How Come My "ț" (or Another Character) Doesn’t Work in Code Page XXX?


First of all, as I always suggest, Use Unicode when practical :)   Then you don’t run into these kinds of problems.

The “thing” to remember about code pages in general is that they were an early way to get characters to display in a readable way on CRT MS-DOS displays, or, before that, for teletypes and such.  ASCII is a common representation, but most software developers realized that one of the bits wasn’t being used, and extended ASCII in several standard, and not so standard ways.  Usually those extensions were for characters that someone thought were useful, but then other users discovered that some characters didn’t “work” for their language and invented a variation of a code page, after all, all you had to do was change a bitmap font.  Often times subtle distinctions between characters were lost, or users “made do” with the closest code page.

Sometimes the behaviors were pretty much a “hack”.  Some code pages represented right-to-left text, like Arabic, in a left-to-right fashion since their computer systems didn’t really understand the concept of left-to-right text.  On the CRT, in addition to using the 8th bit, MS-DOS reused the 1-31 code points for “symbols” since the ASCII values were invisible concepts like “bell” and “return”.  That hack allowed for card suits and console card games.  Commodore did something similar with their PET fonts.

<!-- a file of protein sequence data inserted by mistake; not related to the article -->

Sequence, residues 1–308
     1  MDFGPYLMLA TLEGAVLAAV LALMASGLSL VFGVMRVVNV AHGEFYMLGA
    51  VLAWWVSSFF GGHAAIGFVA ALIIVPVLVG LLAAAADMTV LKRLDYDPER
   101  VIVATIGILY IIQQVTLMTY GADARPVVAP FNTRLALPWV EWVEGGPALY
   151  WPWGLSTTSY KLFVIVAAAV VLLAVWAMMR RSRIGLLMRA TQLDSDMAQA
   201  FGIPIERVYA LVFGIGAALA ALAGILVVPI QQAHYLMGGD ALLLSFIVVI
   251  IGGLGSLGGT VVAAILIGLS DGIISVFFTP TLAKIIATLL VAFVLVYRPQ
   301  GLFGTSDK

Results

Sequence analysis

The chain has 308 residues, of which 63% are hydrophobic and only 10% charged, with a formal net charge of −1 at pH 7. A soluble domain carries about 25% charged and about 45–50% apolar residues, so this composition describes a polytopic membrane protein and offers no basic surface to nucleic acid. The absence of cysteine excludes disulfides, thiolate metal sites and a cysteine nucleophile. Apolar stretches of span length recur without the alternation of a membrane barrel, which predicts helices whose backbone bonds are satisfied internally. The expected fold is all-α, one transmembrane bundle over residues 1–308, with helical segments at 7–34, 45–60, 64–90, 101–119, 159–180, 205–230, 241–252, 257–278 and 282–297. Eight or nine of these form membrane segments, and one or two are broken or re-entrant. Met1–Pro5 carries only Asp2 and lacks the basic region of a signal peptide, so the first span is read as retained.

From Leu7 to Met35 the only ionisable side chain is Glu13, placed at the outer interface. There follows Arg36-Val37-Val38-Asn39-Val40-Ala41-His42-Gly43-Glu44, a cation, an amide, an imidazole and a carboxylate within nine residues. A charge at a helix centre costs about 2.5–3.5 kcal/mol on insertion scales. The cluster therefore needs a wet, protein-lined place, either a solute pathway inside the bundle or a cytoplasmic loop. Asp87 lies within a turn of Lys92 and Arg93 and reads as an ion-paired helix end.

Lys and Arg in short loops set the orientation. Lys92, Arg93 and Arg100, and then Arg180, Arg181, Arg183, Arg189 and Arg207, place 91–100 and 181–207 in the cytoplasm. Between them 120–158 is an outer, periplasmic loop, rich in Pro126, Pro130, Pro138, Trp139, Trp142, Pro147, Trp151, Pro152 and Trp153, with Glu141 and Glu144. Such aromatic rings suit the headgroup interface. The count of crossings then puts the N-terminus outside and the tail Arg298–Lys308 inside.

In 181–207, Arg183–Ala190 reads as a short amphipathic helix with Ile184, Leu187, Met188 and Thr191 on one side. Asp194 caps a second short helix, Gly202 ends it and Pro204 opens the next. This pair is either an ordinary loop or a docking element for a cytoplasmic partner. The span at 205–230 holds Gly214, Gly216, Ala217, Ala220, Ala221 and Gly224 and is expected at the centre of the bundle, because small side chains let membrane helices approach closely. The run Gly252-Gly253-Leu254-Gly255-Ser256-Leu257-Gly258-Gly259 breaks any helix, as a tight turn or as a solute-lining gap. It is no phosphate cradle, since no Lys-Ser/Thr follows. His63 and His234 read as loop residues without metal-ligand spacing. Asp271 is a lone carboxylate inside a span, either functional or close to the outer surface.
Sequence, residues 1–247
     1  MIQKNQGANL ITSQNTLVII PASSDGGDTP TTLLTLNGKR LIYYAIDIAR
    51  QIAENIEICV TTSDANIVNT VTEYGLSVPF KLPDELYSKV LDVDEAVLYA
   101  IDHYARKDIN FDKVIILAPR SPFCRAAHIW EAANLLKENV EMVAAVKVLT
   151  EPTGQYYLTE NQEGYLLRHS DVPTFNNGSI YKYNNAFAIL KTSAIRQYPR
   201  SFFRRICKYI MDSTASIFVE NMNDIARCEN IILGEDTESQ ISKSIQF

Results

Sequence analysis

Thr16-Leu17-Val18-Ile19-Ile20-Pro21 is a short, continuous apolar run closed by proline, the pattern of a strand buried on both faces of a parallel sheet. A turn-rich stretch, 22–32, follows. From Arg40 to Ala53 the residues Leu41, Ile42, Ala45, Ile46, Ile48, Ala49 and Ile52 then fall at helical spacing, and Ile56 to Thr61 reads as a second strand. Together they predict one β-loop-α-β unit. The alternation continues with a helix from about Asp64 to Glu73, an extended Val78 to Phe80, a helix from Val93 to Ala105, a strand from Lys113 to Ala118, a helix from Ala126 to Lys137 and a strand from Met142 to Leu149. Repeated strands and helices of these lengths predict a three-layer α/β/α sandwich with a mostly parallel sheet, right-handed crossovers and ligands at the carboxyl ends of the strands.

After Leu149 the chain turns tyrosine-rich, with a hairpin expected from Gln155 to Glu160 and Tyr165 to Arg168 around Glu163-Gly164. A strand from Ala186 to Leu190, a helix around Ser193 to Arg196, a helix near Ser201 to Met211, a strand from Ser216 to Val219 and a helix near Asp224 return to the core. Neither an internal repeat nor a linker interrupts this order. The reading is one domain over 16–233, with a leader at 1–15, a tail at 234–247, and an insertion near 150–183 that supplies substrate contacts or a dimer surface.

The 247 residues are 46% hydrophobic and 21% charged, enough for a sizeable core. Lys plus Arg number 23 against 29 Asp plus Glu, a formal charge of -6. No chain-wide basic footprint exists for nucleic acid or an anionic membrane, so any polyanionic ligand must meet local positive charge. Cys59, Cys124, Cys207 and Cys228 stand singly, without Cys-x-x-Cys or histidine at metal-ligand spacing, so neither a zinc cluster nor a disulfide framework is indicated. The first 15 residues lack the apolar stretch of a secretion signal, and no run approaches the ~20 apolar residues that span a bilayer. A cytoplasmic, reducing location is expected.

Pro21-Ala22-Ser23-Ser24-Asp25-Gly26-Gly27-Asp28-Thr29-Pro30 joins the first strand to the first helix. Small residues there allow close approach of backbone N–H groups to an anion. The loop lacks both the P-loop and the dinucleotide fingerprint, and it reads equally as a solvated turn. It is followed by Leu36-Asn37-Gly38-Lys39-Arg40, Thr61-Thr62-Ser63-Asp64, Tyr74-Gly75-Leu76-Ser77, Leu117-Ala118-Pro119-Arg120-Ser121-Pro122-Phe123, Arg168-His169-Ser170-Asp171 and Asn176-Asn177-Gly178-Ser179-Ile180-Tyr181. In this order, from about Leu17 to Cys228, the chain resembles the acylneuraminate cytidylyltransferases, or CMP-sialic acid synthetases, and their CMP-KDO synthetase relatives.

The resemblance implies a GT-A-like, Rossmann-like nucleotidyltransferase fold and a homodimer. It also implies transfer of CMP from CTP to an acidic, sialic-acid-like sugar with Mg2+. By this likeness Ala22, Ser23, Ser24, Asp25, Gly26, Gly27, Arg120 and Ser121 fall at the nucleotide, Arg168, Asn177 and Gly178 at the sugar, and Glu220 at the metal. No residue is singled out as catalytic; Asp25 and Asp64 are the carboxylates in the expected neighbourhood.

So what’s this got to do with a Romanian ț (U+021B “Latin small letter t with comma below”)?  Well, code page 1250, “Eastern Europe” has a code point “0xfe” for ţ (U+0163 “Latin small letter t with cedilla”).  I’m not sure of all of the history behind these characters, however they are different in appearance.  I don’t know if the 1250 ţ was originally intended for use with Romanian, however a cedilla isn’t a comma below, and this distinction caused a seperate Unicode code point to be created.  1250 however still has its original meaning and U+021B isn’t in it.

So, for Romanian, if you really want to use the “correct” U+021B character, then 1250 won’t work (nor will any other non-Unicode code page).  Those kind of subtle (to non-Romanian) issues are why its best to have Unicode applications and data stores.  We can’t really change the behavior of code page 1250, or else someone else’s usage (even a Romanian application making do with the cedilla) will break.

Comments (1)

  1. John Cowan says:

    What happened is that Turkish uses s-cedilla and Romanian uses s-comma.  When ISO was standardizing the first four parts of 8859, they unified these two into a single character called s-cedilla, and put it in 8859-2 for Romanian and 8859-3 for Turkish.  As it turned out, the Turks didn’t want to use 8859-3 (otherwise only used for Maltese and Esperanto), so they hacked a version of 8859-1 using Turkish characters in place of Icelandic ones (not a big Icelandic presence in Turkey) and that was eventually standardized as 8859-9.

    Unfortunately, at the same time ISO decided to provide t-cedilla for Romanian use instead of t-comma, so t-cedilla got into 8859-2 even though *nobody* uses t-cedilla *at all*.  Unicode copied the 8859 situation, then years later cleaned it up by adding s-comma and t-comma for Romanian use.

    As for 1250, it has a superset of the 8859-2 repertoire, partly rearranged to be more like 1252, so it inherits the issue from 8859-2.